New bike/traffic law in effect

By David J. Coehrs -

Like the rest of Ohioans, Fulton County residents must now contend with a new law that requires motorists to create a buffer between themselves and bicyclists with whom they share traffic space.

House Bill 154 passed almost unanimously in both the state House and Senate on Dec. 8, and went into effect March 20. It stipulates that motorists must maintain at least a three-foot distance when passing bicyclists on a roadway. Legislators passed the law after a three-year lobbying effort by the Ohio Bicycle Federation and similar cycling advocates.

The bill was co-sponsored by District 40 State Representative Michael Henne (R-Brookville) and District 46 State Representative Michael Sheehy (D-Oregon). Ohio is the 29th state to enact such legislation.

Henne was approached by constituents about pursuing the new law. “Every bicyclist I’ve spoken to will give you a story, a near-accident experience they’ve had. From my research, (the law) just makes a lot of sense,” he said.

An occasional cyclist, Henne said he’s always appreciated the courtesy of approaching motorists. He added, however, that if he ever encountered a vehicle entering his space, “right or wrong, I would be the loser.”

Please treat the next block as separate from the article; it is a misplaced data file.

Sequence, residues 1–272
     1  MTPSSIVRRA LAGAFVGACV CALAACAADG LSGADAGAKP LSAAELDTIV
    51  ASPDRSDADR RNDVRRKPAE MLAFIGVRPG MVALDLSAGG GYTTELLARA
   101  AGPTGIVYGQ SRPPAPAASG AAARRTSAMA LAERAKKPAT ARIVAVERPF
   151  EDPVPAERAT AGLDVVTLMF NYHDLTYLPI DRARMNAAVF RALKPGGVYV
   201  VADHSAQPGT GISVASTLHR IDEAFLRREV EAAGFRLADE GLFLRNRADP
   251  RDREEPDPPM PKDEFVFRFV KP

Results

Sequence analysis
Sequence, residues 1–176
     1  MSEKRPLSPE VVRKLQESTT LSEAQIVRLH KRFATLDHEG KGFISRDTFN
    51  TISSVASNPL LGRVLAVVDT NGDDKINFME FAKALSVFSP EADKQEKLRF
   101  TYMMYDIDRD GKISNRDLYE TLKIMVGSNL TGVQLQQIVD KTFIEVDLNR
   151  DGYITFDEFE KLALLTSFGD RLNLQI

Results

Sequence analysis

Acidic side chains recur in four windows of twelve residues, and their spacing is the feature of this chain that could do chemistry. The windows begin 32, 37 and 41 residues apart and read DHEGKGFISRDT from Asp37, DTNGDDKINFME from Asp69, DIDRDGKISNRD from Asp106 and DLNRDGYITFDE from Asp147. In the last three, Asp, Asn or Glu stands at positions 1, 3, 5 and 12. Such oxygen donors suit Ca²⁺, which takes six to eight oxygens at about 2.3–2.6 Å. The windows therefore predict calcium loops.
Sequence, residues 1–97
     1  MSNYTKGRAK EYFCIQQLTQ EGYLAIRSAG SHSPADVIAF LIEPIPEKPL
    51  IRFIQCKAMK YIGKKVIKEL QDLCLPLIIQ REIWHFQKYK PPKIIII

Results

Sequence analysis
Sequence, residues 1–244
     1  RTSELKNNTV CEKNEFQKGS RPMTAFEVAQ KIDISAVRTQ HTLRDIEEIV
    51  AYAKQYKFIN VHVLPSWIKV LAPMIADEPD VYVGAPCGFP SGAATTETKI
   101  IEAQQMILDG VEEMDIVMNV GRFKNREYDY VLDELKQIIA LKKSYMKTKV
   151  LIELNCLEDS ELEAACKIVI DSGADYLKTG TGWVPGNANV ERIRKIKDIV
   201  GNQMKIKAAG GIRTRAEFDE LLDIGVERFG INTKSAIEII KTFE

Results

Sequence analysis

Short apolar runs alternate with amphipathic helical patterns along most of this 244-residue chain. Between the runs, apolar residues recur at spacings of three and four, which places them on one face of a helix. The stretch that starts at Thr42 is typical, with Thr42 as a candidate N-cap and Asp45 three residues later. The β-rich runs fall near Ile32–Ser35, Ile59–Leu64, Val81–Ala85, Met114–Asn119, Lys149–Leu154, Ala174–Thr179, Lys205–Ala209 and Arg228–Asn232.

As a cyclist, Sheehy also has heard numerous stories from others about near-misses. Some told him about vehicles that encroached so menacingly into their space “they felt almost as if it was a threat to them.”

His own son was a victim years ago, when a car clipped him while he was cycling. The impact sent the boy into a ditch but he was not seriously injured.

Sheehy said motorists often forget that, under the Ohio Revised Code, bicycles have a right to be on the road. He said several Ohio communities had already established three-foot barriers between vehicles and bicyclists before the new law was passed.

“It’s just a matter of public safety, and I felt it needed to be encoded in state law,” Sheehy said.

In Pennsylvania, legislators enacted a law in 2012 requiring a four-foot barrier between vehicles and bicycles, a foot wider than required in similar legislation in other states.

Wauseon Police Chief Keith Torbet said motorists know to take due diligence when passing another vehicle, and should know the same applies to them in regard to bicyclists.

“We shouldn’t have to have a law for this, because common sense says you have to give plenty of space to a person on a bike,” he said. “We all know kids don’t necessarily pay attention to people on the road, and we all know those are usually the people on bikes.”

The new law is important for its specific definition of distance necessary to protect bicyclists, Ohio Bicycle Federation Chair Chuck Smith said. Each year, about 700 bicyclists nationwide are killed in collisions with vehicles.

“Many of those deaths are the result of motorists passing too close. It’s teaching the motorists awareness of giving us sufficient distance,” he said.

The OBF is currently working to have the law incorporated into the curriculum of student drivers and into the state driving manual and test.

“Now that we’ve passed the law, we must educate the law,” Smith said.

The organization will honor Henne and Sheehy for their support at its annual Ohio Bicycling Summit, to be held May 2 at the statehouse in Columbus.

By David J. Coehrs

Reach David J. Coehrs at 419-335-2010.

Reach David J. Coehrs at 419-335-2010.